UK universities are facing higher demands from their pension fund after the country’s largest scheme published a consultation on the methodology for its latest valuation.
The deficit for the £66bn (€73.5bn) Universities Superannuation Scheme (USS) could reach as high as £17.9bn and require contributions from employers and employees of as much as 67.9% of payroll, depending on the outcome of the consultation and how much risk universities are willing to take on.
The trustee board published a consultation paper yesterday setting out several potential outcomes – all of which will involve higher contributions to fund a significantly higher deficit than was recorded in 2017, the last time USS went through a formal valuation.
Bill Galvin, chief executive officer of the pension scheme, said the COVID-19 pandemic had posed significant challenges to the higher education sector, with uncertainty over student numbers a particular concern – meaning the higher demands from USS were “difficult messages” to hear.
In their foreword to the consultation, outgoing trustee chair Sir David Eastwood and his replacement Dame Kate Barker acknowledged that some of the outcomes were likely to be unpalatable to both employers and staff given the significant rise in costs.
To avoid the worst outcomes from the consultation, universities would have to agree not to exit the scheme without the trustees’ approval – a clause that Galvin indicated would last for 30 years – and grant USS parity as a creditor for any debt raised externally. Both measures are currently in place on a temporary basis through to October next year.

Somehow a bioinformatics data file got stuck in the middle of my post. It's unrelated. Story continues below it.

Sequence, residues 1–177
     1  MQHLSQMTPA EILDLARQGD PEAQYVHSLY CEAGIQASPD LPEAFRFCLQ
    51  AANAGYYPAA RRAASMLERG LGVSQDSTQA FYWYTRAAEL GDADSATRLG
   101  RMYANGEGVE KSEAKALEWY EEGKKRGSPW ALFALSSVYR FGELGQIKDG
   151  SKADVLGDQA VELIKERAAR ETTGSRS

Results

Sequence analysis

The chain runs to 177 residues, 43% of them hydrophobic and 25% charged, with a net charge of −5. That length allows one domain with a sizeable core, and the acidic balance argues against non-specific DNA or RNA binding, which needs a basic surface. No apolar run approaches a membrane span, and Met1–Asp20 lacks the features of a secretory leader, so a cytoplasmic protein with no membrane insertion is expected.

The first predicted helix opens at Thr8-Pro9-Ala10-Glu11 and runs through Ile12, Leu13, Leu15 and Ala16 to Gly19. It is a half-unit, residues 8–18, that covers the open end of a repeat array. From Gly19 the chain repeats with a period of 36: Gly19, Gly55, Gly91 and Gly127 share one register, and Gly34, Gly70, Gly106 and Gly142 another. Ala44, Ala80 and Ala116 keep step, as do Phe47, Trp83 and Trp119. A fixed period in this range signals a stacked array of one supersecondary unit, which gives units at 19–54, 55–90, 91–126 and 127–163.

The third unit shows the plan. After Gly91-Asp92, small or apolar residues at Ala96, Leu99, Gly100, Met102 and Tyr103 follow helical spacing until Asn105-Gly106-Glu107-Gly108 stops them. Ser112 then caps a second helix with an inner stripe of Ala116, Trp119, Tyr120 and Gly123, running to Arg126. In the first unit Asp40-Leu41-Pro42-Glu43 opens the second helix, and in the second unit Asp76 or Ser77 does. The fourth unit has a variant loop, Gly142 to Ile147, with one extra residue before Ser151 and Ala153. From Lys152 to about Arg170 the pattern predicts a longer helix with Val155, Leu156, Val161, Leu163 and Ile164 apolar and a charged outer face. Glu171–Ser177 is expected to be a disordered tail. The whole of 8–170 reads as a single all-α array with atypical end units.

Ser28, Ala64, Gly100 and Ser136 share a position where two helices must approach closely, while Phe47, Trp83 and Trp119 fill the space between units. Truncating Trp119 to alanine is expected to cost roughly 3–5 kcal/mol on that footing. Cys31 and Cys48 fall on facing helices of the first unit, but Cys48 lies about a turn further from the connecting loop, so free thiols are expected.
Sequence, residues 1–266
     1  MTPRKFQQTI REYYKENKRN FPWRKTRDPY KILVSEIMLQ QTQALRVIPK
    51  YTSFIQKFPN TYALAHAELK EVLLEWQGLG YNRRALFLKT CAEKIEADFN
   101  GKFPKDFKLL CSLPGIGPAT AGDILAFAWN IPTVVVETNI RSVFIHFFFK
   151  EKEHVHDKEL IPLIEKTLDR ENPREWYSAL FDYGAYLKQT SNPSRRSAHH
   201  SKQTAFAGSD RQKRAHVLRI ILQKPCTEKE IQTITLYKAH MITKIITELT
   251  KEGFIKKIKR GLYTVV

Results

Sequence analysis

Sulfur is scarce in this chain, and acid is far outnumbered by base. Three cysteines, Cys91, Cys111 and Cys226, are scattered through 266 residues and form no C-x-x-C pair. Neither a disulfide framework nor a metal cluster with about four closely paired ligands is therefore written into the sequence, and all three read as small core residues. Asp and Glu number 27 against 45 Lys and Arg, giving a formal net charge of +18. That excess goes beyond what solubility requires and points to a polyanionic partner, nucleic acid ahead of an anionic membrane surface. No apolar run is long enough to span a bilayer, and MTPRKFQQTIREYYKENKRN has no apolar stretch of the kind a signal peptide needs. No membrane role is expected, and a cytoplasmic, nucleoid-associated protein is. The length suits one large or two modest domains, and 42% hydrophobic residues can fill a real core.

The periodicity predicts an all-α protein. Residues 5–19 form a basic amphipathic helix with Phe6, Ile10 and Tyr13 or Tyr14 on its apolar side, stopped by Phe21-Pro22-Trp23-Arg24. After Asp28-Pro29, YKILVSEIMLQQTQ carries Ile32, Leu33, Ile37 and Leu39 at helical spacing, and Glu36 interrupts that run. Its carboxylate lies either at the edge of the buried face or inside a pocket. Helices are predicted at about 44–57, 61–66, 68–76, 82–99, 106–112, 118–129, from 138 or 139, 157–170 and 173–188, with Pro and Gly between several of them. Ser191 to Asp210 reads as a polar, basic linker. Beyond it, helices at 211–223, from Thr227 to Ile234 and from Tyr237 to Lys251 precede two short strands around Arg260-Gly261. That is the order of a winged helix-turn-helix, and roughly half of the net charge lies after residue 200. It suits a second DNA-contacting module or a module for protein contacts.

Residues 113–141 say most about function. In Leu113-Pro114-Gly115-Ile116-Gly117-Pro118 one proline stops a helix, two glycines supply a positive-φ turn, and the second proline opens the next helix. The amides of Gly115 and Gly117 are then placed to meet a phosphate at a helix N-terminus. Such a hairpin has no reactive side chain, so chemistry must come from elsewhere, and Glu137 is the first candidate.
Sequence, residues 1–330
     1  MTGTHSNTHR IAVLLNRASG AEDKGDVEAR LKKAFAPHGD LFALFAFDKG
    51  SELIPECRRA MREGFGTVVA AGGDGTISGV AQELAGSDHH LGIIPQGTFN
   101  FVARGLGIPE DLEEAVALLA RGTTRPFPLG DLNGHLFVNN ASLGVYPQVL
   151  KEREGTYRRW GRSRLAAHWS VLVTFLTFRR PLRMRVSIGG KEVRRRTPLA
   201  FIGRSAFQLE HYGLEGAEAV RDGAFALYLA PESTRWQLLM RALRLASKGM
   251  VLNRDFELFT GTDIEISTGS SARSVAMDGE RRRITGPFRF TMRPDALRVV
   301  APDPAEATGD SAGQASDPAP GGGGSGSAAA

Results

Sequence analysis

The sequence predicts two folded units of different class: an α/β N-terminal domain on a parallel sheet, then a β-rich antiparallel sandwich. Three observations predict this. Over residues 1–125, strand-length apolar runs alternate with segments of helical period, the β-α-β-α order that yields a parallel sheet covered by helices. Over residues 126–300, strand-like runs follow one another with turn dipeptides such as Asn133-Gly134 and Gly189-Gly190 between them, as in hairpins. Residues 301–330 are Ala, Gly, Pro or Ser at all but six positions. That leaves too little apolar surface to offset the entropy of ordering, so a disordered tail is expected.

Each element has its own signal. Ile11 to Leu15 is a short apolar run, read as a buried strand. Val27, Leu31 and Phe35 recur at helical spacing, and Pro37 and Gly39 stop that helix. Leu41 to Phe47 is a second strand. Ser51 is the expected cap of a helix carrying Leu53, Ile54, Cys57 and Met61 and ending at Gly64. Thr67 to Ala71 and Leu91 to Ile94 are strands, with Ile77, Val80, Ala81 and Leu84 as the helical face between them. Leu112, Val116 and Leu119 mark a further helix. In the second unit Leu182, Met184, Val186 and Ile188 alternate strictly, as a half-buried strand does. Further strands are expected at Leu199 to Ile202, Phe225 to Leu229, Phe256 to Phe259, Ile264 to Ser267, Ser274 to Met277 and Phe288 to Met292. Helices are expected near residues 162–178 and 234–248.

Employers would also have to accept the scheme taking more investment risk – something they have previously resisted.
“We have laid out a way in which the scheme can take more risk,” Galvin told journalists at an online media briefing yesterday. “We would need employers’ support. If we can get the support that is required, we can bring the costs down.”
“We would need employers’ support. If we can get the support that is required, we can bring the costs down”
Bill Galvin, CEO of USS
In a statement, UCU head of higher education Paul Bridge said the union had “no confidence in the needlessly cautious methodology”.
“Members are leaving the scheme because of its high cost – calling for unnecessarily large reductions in benefits and increased member contributions is not the way forward,” he said.
“Universities need to start demanding more from USS and push back against this approach.”
In response, Galvin emphasised that all stakeholders “need to understand that the cost of providing defined benefit pensions has increased, however you look to manufacture it. […] The cost has gone up on any measure”.
He also echoed the union’s concerns about the scheme’s high opt-out rate, estimated at 15%. Around a third of these members cited affordability as the reason for not joining USS, he said.
The current contribution levels – 21.1% from employers and 9.6% for members – have been in place since October 2019. These were adopted as a default option after discussions between Universities UK, which represents higher education establishments, and the University and College Union (UCU) failed to reach an agreement.
A further default increase – to 23.7% for universities and 11% for staff – will kick in from October 2021 if no agreement is reached.
UCU members launched nationwide strikes in 2018 in protest at a plan to close the defined benefit section of the scheme, and further industrial action took place last year.
After the methodology consultation is complete, USS will carry out further consultations related to the valuation – including the crucial negotiations over future contributions.